excellence, music, music biz

As Good As It Gets?

Is Carly Simon right?

My original plan had been to head directly to NYC where I would make music for a living. But Hartford High wouldn’t give me a diploma, even though I’d accumulated the required 16 credits. And I couldn’t stand the idea of spending another year there, and I didn’t have the nerve to begin my career as a high school dropout. So I applied to the only college that was still accepting applications in March, and wound up living at home and attending classes at the Hartford branch of UConn my freshman year. Which was a blessing in disguise, as I was about as ready to live by myself in Greenwich Village at age 16 as I was to fly to the moon.

Long before UConn became a basketball powerhouse, it was an agricultural school https://uconn.edu/about-us/history/ – and when I attended, virtually all music majors studied to become teachers. Serious students with professional aspirations opted for conservatories like Oberlin, Eastman & Juilliard, though there were a few exceptions; Marco & Ernie Calouri were gifted French horn players at UConn during my tenure, and they both joined the US military bands upon graduation. There were probably a few others who pursued something other than a Music Ed. degree at that time, but I don’t recall who, or where they ended up.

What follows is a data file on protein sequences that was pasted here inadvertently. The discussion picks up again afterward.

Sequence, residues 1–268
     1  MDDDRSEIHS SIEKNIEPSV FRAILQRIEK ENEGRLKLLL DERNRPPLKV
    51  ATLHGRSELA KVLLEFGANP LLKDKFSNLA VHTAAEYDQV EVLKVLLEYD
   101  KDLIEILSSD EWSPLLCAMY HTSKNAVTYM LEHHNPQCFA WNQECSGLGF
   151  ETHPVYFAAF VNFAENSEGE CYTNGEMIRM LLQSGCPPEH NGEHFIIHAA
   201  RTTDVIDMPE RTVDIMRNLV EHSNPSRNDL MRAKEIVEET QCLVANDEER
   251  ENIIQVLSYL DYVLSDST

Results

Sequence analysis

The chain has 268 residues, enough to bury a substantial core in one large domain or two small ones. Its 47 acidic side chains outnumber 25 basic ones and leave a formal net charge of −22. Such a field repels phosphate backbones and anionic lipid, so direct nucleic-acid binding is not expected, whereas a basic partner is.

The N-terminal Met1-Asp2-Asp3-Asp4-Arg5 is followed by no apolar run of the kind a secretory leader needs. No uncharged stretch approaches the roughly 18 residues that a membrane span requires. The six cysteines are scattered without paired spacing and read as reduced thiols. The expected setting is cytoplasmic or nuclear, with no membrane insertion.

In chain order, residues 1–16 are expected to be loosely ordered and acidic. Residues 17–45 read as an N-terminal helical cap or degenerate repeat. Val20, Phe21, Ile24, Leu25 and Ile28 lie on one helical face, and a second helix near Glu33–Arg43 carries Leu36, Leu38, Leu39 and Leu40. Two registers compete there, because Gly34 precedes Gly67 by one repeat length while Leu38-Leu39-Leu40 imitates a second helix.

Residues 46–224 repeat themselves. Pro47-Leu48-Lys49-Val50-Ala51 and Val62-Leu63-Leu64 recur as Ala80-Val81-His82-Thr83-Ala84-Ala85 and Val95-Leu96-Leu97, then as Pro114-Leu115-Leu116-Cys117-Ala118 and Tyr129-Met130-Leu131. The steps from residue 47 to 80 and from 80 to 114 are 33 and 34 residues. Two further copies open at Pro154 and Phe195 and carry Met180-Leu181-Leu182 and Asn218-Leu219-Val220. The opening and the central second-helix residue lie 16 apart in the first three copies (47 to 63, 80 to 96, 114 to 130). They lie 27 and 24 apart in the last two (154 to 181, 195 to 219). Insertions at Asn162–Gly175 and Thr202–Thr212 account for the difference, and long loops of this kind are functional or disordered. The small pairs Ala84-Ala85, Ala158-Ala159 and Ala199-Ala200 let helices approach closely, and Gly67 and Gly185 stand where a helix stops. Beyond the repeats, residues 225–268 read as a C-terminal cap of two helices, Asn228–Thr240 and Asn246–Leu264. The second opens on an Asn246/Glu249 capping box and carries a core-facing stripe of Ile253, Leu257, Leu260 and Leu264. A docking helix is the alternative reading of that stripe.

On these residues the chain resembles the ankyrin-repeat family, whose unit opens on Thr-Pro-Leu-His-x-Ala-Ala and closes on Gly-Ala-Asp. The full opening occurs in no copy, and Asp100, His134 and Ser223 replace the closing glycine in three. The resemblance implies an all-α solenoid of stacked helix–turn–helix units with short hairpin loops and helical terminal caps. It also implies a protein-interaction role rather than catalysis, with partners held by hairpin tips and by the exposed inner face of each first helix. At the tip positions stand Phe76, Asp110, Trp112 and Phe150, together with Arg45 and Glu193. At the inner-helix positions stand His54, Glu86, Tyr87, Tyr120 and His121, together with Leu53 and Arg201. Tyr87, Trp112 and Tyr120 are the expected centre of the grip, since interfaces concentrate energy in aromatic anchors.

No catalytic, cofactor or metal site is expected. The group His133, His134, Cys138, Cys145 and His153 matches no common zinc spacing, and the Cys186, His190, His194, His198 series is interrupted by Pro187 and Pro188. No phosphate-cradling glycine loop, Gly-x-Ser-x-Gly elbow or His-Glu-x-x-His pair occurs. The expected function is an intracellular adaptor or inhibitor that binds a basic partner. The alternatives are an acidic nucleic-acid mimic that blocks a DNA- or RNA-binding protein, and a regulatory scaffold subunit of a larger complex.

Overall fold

My first winter in NYC, the Calouri brothers asked me to help them get tickets to the NY Brass Conference for Scholarships, a weekend hosted by music publisher Charles Colin. The following year Dr. Colin hired me to extract parts to some compositions that had been commissioned for several large brass ensembles, and I got a real idea of the calibre of musicianship in the NYC freelance scene. Of course, there were legendary performers, teachers & honorees like Clark Terry, William Vacchiano, Manny Klein, Don Butterfield and Art Farmer – as well as headlining celebrities like Bill Watrous, Doc Severinson and Marvin Stamm – but there were also so many incredible rank & file players whose skills were astonishing! To hear a group of 20 to 30 of these guys all sightreading a new piece was mindblowing to me – I’d sure never seen anything like that at UConn!

Chuck Colin was a charmer! He got me to squat down so that I wouldn’t tower over him in this photo!

After the conference was over, I got to attend some “rehearsal” bands that got together to play for the love of it, and to keep their chops up. Wayne Andre along with Alan Raph led an octet of trombonists whose sound was pure heaven! Much like the Los Angeles counterpart, Hoyt’s Garage https://alankaplan.hearnow.com/secrets-of-hoyts-garage – which shaped and encouraged musical excellence among Hollywood session players.